Contribution of insulin and Akt1 signaling to endothelial nitric oxide synthase
in the regulation of endothelial function and blood pressure.
Authors Symons JD, McMillin SL, Riehle C, Tanner J, Palionyte M, Hillas E, Jones D,
Cooksey RC, Birnbaum MJ, McClain DA, Zhang QJ, Gale D, Wilson LJ, Abel ED
Submitted By E. Dale Abel on 4/26/2010
Status Published
Journal Circulation research
Year 2009
Date Published 5/8/2009
Volume : Pages 104 : 1085 - 1094
PubMed Reference 19342603
Abstract Impaired insulin signaling via phosphatidylinositol 3-kinase/Akt to endothelial
nitric oxide synthase (eNOS) in the vasculature has been postulated to lead to
arterial dysfunction and hypertension in obesity and other insulin resistant
states. To investigate this, we compared insulin signaling in the vasculature,
endothelial function, and systemic blood pressure in mice fed a high-fat (HF)
diet to mice with genetic ablation of insulin receptors in all vascular tissues
(TTr-IR(-/-)) or mice with genetic ablation of Akt1 (Akt1-/-). HF mice developed
obesity, impaired glucose tolerance, and elevated free fatty acids that was
associated with endothelial dysfunction and hypertension. Basal and
insulin-mediated phosphorylation of extracellular signal-regulated kinase 1/2
and Akt in the vasculature was preserved, but basal and insulin-stimulated eNOS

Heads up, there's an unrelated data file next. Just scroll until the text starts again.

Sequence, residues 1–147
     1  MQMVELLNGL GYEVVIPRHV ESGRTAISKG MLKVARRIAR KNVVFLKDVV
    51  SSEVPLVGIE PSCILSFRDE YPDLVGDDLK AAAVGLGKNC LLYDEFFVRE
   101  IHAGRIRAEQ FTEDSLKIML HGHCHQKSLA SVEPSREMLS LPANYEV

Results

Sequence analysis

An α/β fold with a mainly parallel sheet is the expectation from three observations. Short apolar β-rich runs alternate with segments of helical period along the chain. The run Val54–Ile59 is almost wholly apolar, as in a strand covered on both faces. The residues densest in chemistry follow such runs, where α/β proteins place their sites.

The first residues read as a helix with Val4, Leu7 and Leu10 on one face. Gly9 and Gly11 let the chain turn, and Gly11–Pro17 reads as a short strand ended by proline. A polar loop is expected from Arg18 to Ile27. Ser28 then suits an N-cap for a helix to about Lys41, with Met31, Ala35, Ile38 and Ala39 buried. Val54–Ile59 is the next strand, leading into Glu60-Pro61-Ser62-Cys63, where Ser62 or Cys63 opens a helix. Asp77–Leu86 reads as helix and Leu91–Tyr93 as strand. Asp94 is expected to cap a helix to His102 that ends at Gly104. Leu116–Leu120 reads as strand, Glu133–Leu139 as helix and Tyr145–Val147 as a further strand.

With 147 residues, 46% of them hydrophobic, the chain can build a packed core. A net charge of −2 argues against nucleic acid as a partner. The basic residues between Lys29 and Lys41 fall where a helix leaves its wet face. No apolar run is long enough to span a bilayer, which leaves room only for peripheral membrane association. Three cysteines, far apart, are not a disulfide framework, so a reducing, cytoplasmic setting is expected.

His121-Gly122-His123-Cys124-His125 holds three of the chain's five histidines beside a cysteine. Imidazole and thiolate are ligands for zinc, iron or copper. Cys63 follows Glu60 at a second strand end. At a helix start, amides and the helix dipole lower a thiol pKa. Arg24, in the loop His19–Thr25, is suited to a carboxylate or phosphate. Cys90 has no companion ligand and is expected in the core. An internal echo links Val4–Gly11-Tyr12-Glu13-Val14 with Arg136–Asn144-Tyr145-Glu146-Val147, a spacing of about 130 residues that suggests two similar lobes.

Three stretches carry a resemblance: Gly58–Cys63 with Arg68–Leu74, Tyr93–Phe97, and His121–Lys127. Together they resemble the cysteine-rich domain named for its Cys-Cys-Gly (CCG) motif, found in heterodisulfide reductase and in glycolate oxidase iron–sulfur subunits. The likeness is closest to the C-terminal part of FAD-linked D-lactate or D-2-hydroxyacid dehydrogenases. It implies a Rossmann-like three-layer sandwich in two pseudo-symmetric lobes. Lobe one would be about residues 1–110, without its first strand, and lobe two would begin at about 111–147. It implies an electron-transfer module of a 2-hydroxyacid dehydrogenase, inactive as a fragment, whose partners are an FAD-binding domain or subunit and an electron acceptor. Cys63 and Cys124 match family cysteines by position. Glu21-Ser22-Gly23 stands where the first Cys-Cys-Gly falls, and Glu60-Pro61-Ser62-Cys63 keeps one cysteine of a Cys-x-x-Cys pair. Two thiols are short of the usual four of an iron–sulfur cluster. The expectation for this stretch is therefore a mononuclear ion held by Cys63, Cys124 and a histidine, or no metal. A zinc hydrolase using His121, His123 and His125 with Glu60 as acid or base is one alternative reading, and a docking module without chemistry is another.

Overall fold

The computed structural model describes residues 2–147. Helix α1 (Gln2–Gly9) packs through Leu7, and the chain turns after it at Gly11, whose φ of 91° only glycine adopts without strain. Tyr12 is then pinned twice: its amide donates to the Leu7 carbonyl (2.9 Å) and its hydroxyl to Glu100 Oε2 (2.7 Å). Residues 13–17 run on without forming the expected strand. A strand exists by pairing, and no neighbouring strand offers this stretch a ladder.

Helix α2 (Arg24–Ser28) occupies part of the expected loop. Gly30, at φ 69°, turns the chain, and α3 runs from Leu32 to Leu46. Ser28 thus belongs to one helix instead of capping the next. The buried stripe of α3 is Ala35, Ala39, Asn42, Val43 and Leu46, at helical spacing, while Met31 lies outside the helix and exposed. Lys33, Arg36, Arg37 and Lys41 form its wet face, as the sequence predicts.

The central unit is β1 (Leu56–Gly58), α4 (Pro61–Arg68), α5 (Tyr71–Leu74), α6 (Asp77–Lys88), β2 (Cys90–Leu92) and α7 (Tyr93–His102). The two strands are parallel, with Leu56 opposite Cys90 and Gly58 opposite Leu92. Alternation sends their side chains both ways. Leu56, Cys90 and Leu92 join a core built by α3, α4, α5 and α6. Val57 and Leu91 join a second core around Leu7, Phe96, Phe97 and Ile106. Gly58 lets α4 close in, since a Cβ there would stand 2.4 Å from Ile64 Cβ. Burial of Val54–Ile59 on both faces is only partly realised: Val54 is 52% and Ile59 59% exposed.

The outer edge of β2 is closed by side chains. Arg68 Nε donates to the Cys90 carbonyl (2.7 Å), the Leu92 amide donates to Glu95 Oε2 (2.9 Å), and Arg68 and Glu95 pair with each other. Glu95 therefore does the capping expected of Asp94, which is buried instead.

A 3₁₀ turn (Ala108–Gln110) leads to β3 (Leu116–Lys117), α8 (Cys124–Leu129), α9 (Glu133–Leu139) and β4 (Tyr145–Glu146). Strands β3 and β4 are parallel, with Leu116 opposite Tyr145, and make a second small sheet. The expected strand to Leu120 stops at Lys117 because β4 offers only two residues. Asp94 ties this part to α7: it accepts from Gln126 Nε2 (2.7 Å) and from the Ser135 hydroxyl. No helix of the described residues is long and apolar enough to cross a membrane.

phosphorylation was abolished in vessels from HF versus lean mice. In contrast,
basal vascular eNOS phosphorylation, endothelial function, and blood pressure
were normal despite absent insulin-mediated eNOS phosphorylation in TTr-IR(-/-)
mice and absent insulin-mediated eNOS phosphorylation via Akt1 in Akt1-/- mice.
In cultured endothelial cells, 6 hours of incubation with palmitate attenuated
basal and insulin-stimulated eNOS phosphorylation and NO production despite
normal activation of extracellular signal-regulated kinase 1/2 and Akt.
Moreover, incubation of isolated arteries with palmitate impaired
endothelium-dependent but not vascular smooth muscle function. Collectively,
these results indicate that lower arterial eNOS phosphorylation, hypertension,
and vascular dysfunction following HF feeding do not result from defective
upstream signaling via Akt, but from free fatty acid-mediated impairment of eNOS

Investigators with authorship
E. Dale AbelUniversity of Iowa


Akt1thymoma viral proto-oncogene 1
Nos3nitric oxide synthase 3, endothelial cell